Syria refugees bear brunt of Lebanon medical funding shortfalls
BEIRUT - Funding shortfalls and medical care gaps in Lebanon are forcing Syrian refugees to forego treatment, run up huge debts or return to their war-ravaged homeland, Amnesty International said Wednesday.
The rights watchdog said the international community bore a large share of the blame because of its "shameful failure" to fully fund UN refugee programmes in Lebanon.
"Hospital treatment and more specialised care for Syrian refugees in Lebanon is woefully insufficient, with the situation exacerbated by a massive shortage of international funding," said Audrey Gaughran, Amnesty's head of global issues.
"Syrian refugees in Lebanon are suffering as a direct result of the international community's shameful failure to fully fund the UN relief programme in Lebanon."
In its report, Amnesty said Lebanon's fragmented and expensive health care system makes it difficult for Syrian refugees to secure and afford treatment on their own.
The UN's refugee agency UNHCR provides assistance to some Syrians in need of care but has imposed restrictive criteria and requires refugees share 25 percent of costs because of underfunding, it said.
The New York-based watchdog gave the example of a 12-year-old boy whose trousers were set on fire while he was working at a mechanic shop, leaving him with second and third-degree burns.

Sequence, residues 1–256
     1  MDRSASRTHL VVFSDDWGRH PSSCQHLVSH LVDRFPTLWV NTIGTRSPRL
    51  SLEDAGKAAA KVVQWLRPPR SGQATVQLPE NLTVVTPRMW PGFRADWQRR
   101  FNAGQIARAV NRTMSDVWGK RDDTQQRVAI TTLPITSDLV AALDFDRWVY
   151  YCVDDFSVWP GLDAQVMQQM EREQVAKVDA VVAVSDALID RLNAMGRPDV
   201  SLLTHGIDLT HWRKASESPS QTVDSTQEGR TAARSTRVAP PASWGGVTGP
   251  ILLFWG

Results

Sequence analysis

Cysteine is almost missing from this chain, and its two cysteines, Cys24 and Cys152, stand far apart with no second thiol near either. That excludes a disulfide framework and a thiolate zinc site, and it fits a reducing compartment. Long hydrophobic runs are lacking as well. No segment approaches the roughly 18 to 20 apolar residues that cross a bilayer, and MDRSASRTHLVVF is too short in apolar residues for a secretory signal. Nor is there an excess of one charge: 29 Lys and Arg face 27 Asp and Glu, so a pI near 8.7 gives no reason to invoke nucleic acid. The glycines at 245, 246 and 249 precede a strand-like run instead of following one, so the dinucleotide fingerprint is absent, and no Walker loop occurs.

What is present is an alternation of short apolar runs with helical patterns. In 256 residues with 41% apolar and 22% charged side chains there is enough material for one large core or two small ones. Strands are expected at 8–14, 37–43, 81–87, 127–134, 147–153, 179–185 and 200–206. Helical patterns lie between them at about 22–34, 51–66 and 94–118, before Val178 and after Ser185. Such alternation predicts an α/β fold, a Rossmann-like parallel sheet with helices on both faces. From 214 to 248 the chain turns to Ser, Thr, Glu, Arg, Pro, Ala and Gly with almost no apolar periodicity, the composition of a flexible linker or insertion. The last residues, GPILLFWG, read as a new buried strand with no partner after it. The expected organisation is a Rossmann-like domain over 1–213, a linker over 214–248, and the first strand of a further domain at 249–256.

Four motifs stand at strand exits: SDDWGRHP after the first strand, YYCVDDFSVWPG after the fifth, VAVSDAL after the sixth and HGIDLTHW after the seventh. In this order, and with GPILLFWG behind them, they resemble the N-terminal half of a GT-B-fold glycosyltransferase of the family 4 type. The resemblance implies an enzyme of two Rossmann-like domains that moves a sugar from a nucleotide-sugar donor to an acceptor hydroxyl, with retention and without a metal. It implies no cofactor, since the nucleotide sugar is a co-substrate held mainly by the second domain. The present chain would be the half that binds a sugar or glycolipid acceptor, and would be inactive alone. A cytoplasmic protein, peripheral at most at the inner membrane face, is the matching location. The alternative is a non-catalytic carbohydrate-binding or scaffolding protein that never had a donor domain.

Unable to afford private treatment, the burns were left unattended for days, eventually turning septic.
When he was finally hospitalised, with help from the UNHCR, only the cost of treating the infection was covered, even though failure to treat the burns could result in permanent disability.
Eventually, the group said, a charitable organisation found a volunteer doctor who agreed to begin treating the child, but it remains unclear whether he will be able to receive follow-up treatment.
- 'Time to act' -
Amnesty said many refugees already struggling to make ends meet were running up huge debts to pay for medicine or medical treatment.
Others have opted to return to Syria to buy cheaper medicine or seek treatment, despite the risks in doing so.
And some are simply going without treatment, risking death or permanent disability in the process.
Amnesty praised Lebanon for continuing to accept refugees, noting that more than one million Syrians have found refuge in the Mediterranean country of just four million citizens.
But it said the government's refusal to allow the establishment of field hospitals was hampering efforts to expand medical access for refugees and urged Lebanon to develop a national health strategy.
The watchdog called on the international community to urgently increase funding for the UN's Syria crisis response plan, increase support to Lebanon and other regional host nations and increase their own intake of Syrian refugees.
"It's time for the international community to recognise the consequences of its failure to provide adequate assistance to refugees from the conflict in Syria," Gaughran said.
"There is a desperate need for countries to fulfil the humanitarian appeal for Syria and step up efforts to offer resettlement places for the most vulnerable of refugees, including those in dire need of medical treatment."